Monday, November 18, 2013

Because, Really, How Much Can You Eat, Anyway?

Pressure Busting Tip #16
For years and years my sister Patti, mother St. Patsy, and I used to hold what we called the yearly Bake-Off at my house during the first week of December.  I'd take the day off of school for it, and Patti would schedule her day off from the bank.  St. Patsy was just damn happy to be there any old day.  I'd get all my supplies out: cooky sheets, mixers, bowls, flour, sugar, nuts, and all the other necessaries the night before.  Patti and Mom would, too, but they'd pack them all up in boxes and load them into their cars.  They'd drive over to my house by eight or nine in the morning, and we'd start mixing dough for Christmas cookies.  Most times, one or all of us would have at least one type of cookie dough already mixed and ready to go into the oven.  We did not believe in wasting time, especially oven time.  All the batches were tripled, and all of us made whatever we wanted.  St. Patsy always made her more traditional Old World cookies, left over from the days of making Croatian recipes for Dad and the aunts.  We baked and mixed and talked and laughed.  We started having Themed Bake-Offs when we had one Bake-Off on Pearl Harbor Day.  One year, so many things kept going wrong, and we kept reassuring each other that "It was okay."  That was our Stuart Smalley Bake-Off.  We'd break at noon and I'd go get Chinese food for lunch.  And all along, we'd save the Mistake Cookies so that when Jared and Sam came home, they could have them for a snack.  We had a great time.

Little by little, life would get in the way.  Patti would have to leave early for an appointment or a kid emergency.  One year, I was too seriously ill to have the Bake-Off.  Another year, there simply wasn't a day we all could do it together.  Finally, we all realized that we were giving away the cookies instead of eating them.  None of us was really eating that many sweets anymore.  The Bake-Off days were, sadly, over.  Of course, the person that misses them most is St. Patsy.  But she really did used to make far too many cookies and nut rolls and poppyseed rolls and butterballs and nut horns and cheese rolls and...see what I mean?  And then Patti would make four kinds of cookies and I would make four kinds plus my Christmas cake and pretty soon it was Cooky Armageddon.  NO ONE can eat that many cookies, ever.  Plus Susan and her pastry chef husband Paul would bring approximately eleven thousand cookies as well. It was overwhelming.  And a little shameful.  Pressure Busting Tip #16 reminds me of the wise words of Coco Chanel who said, "The last thing you should do before you go out the door is glance back at yourself in the mirror and take something away."    Streamline and simplify your holiday meal, especially if it is a buffet.  I'm also going to steal a line from the movie Sabrina and say as a backup here, "Sometimes more isn't better; it's just more."  Stick with just a couple of tried-and-true, very good dishes, and add very little.  Once in a while, add back a heretofore missing dish, but take something else away.  People are there for the food, yes, but it's the fellowship, mostly.  They will eat, but not as much as you think.  Don't you always have plenty? Make easy things that are easy to keep warm or cold, easy to eat, and that you make well.  If anyone wants to bring something, and you'd be okay with it, tell them, "Bring your specialty! Or, just bring yourselves. I have everything. We're having a simple dinner."  Then do that, and enjoy it!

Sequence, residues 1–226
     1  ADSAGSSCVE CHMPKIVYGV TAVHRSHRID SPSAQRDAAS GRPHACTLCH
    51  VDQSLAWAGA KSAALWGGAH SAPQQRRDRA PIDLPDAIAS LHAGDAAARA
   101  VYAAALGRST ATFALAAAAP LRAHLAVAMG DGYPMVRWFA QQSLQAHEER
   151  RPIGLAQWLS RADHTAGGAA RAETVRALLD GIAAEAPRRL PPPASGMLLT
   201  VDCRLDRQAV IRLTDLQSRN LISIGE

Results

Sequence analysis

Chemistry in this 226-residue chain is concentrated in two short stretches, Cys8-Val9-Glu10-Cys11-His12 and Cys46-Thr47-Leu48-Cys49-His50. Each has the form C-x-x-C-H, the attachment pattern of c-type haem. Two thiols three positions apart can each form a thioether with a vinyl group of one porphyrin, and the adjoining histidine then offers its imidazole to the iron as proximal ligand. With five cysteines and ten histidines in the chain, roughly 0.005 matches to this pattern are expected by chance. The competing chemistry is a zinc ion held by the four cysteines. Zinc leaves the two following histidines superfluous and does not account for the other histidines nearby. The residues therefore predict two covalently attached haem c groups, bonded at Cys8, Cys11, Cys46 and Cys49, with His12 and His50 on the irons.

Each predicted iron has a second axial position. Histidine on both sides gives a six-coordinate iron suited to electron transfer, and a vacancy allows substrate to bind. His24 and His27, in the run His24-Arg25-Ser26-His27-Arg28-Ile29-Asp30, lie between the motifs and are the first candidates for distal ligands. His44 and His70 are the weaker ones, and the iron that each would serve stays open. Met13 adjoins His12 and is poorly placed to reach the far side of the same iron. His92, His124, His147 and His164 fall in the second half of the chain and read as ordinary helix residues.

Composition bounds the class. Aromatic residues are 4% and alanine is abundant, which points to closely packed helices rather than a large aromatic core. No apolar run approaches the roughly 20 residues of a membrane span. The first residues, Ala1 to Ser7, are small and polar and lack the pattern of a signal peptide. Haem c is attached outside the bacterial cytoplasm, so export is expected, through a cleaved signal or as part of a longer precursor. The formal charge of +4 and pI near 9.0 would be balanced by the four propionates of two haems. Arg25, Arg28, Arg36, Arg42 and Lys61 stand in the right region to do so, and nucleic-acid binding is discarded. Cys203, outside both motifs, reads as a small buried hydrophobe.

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  1. Very good advice. For Thanksgiving, we do the opposite. We have 2 turkeys, one for the 12 of us to eat, the other to divide up into leftovers. And leftovers going home need side dishes, right? It doesn't go to waste, because we eat the leftovers the next day.